Volume 76, Number 41 | March 7 - 13, 2007

FON’s logo for its Starbucks wireless-undercutting campaign.

Wireless co.: We’re a latte cheaper than Starbucks

By Julie Shapiro

Enterprising New Yorkers who want to make some fast cash need look no farther than the nearest Starbucks.

FON, an international wireless Internet company, is giving free wireless routers to anyone who lives near a Starbucks. The idea is to undercut Starbucks’ $10-a-day Internet fee by charging customers only $2 — a profit that users will split with FON.

“You get a free router, share the signal and help people save money at the same time,” a FON spokesperson said.

So far, FON has received several thousand orders for free routers from people who live within 150 feet of Starbucks or another coffee shop, the spokesperson said.

Starbucks representatives declined to comment directly on FON’s offer, but said, “We provide a premium service and our customers see value in paying for it. We believe our customers want a fast, guaranteed wireless experience.” T-Mobile currently provides Starbucks’ wireless Internet service.

FON, a Madrid-based company founded by Martin Varsavsky, is just over a year old. The unique FON routers, which offer separate channels for public and private use, form a worldwide network of over 300,000 hotspots, a representative said. Users can choose to share their wireless signal for free and receive free wireless from other FON users around the world, or they can charge for their signal and hope to make a profit.

Dana Spiegel, executive director of NYCwireless — a nonprofit that builds free public wireless networks — is skeptical of FON’s plan.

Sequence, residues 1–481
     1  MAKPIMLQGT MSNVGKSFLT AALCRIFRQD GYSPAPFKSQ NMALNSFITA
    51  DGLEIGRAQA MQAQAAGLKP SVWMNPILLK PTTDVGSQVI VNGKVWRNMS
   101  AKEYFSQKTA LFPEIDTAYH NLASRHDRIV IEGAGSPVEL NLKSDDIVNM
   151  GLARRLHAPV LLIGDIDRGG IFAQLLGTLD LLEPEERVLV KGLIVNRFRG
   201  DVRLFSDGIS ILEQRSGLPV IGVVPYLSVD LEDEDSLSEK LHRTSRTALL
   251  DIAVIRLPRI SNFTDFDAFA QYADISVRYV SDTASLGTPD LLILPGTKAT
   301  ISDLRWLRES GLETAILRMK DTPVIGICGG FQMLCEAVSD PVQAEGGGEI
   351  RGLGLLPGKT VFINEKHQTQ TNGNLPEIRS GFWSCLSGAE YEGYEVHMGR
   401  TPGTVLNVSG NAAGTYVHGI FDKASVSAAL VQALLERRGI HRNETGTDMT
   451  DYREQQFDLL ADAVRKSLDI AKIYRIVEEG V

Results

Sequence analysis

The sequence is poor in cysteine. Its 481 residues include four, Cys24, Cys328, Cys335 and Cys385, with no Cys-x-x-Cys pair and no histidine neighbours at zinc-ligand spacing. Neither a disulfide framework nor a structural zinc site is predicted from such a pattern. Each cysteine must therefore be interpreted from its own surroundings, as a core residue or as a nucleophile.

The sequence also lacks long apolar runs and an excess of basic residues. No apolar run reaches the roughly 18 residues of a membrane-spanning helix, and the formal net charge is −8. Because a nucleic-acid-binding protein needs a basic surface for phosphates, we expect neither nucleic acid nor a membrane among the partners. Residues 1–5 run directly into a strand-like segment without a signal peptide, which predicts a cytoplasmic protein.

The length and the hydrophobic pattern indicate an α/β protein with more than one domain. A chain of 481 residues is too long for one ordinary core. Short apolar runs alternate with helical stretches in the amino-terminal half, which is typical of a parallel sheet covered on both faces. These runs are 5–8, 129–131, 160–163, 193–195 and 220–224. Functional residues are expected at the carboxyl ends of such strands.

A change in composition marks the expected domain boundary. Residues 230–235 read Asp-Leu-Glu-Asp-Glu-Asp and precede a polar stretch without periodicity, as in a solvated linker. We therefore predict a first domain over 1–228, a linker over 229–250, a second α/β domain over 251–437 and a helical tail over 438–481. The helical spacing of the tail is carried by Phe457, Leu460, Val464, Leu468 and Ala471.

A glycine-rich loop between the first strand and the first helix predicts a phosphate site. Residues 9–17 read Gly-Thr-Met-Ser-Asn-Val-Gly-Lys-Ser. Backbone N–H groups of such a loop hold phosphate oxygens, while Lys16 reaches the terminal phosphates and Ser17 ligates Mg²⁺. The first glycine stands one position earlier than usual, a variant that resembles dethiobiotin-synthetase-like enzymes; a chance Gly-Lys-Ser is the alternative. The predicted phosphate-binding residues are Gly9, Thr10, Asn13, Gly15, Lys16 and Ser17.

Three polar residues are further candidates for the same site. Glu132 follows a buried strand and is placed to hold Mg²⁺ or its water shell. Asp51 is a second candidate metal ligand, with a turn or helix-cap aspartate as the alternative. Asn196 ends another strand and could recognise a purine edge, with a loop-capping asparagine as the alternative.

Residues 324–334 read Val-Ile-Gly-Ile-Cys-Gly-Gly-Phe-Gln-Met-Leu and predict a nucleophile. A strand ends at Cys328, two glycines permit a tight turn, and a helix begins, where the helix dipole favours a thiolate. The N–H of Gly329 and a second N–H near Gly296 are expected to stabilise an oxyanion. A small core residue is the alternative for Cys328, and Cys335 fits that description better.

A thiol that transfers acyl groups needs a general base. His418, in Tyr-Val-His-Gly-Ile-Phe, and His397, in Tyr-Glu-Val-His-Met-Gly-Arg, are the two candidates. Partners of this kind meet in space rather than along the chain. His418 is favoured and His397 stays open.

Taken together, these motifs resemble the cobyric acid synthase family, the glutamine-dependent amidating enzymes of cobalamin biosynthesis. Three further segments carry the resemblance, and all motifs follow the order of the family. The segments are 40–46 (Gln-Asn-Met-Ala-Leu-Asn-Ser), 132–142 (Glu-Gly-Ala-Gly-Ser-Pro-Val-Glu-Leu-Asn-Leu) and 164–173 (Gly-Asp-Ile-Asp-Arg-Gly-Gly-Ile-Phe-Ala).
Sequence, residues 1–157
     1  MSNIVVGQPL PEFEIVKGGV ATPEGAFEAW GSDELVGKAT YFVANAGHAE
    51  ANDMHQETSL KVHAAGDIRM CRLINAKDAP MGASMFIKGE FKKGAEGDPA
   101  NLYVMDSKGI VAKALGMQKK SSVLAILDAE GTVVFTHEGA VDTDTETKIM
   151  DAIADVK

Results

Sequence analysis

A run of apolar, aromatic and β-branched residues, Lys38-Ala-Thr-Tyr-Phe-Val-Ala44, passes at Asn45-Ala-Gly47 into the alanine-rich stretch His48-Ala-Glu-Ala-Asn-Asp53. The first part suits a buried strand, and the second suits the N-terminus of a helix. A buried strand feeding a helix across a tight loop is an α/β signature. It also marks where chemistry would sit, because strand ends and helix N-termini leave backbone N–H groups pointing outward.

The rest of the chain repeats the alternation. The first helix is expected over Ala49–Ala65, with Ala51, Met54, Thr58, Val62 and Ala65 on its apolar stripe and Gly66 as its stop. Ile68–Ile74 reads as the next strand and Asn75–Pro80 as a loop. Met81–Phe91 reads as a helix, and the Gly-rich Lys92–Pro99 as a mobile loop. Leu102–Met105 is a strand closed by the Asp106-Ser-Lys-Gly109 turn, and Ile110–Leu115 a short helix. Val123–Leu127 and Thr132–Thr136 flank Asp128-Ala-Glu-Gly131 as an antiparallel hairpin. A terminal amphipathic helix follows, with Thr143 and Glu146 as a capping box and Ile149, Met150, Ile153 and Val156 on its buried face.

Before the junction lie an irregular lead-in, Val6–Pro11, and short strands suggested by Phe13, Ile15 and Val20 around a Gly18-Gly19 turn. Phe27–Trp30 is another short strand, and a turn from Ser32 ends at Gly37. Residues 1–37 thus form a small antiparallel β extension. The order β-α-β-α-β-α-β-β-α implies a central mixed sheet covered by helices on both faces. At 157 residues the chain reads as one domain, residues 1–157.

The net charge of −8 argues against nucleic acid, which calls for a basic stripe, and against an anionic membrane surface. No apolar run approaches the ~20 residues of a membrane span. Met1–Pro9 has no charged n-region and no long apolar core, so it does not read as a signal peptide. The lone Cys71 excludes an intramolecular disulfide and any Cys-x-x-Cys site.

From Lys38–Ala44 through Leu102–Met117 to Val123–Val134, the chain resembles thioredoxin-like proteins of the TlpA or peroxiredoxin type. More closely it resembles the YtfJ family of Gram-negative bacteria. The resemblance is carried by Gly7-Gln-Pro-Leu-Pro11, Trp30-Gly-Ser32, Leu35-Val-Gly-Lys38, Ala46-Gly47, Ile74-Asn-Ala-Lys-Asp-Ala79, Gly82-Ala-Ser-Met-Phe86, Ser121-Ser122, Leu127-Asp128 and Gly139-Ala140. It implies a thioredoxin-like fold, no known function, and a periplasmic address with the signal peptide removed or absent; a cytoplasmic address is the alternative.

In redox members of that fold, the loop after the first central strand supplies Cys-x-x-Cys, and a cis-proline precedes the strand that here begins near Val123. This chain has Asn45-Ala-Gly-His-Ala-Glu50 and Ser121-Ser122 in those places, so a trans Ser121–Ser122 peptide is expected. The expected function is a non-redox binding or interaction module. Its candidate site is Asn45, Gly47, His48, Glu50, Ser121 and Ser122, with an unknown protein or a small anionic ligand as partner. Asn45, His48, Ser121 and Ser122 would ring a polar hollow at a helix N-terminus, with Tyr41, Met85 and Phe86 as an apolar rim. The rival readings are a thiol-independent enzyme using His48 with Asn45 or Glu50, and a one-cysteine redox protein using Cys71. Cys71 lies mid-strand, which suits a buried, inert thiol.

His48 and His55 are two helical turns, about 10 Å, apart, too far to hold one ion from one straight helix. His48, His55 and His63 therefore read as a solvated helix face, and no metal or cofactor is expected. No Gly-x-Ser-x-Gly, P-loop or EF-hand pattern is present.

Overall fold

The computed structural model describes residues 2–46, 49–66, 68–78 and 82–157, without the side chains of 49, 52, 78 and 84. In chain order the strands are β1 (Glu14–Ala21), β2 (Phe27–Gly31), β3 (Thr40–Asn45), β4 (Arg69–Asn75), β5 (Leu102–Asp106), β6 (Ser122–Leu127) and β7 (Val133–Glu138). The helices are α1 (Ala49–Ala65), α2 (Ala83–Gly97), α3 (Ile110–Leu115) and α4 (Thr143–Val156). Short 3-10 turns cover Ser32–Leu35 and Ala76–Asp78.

Most of the FON hotspots Spiegel has seen in New York City are in the apartments of people who live above the first or second floors. Since wireless Internet travels only 100 to 150 feet indoors, “Only a handful of apartments are able to take advantage of the hotspots,” Spiegel said. “Everyone else in New York City has no advantage.”

While some Starbucks are located on the first floor of apartment buildings, others are in business buildings, surrounded by open lobbies with high ceilings, Spiegel said. In these cases, he doubts anyone will be able to take advantage of the FON promotion.

Besides, Spiegel said, sharing one’s Internet service can be illegal. Internet service providers like Comcast and Time Warner do not allow consumers to resell their Internet connection — in fact, consumers aren’t even allowed to give the connection away for free. Smaller companies like Speakeasy and bway.net, on the other hand, allow consumers to profit from reselling.

Spiegel estimates that 99 percent of all Internet connections in the United States fall into the first category, making FON-style sharing illegal.

FON C.E.O. Varsavsky posted a response to this criticism in his blog, saying that FON has not received complaints from Internet service providers.

“We don’t want anyone to violate terms and conditions that [Internet service providers] choose to enforce,” Varsavsky wrote. Still, Varsavsky acknowledged that no Internet service providers have changed their terms and conditions to permit sharing.

FON’s announcement of the free routers caused a stir on online message boards, where posters were split between enthusiasm and skepticism.

On Gothamist.com, a New York City Web site, a poster named “jg” wrote, “Gross. Make Internet free.”

While Spiegel and NYCwireless appreciate that FON educates the public about wireless Internet, he basically agrees.

“NYCwireless has as philosophy that in public spaces, Internet should be free,” Spiegel said. “[FON has] a philosophy that you should be paying for the Internet in some way or another.”

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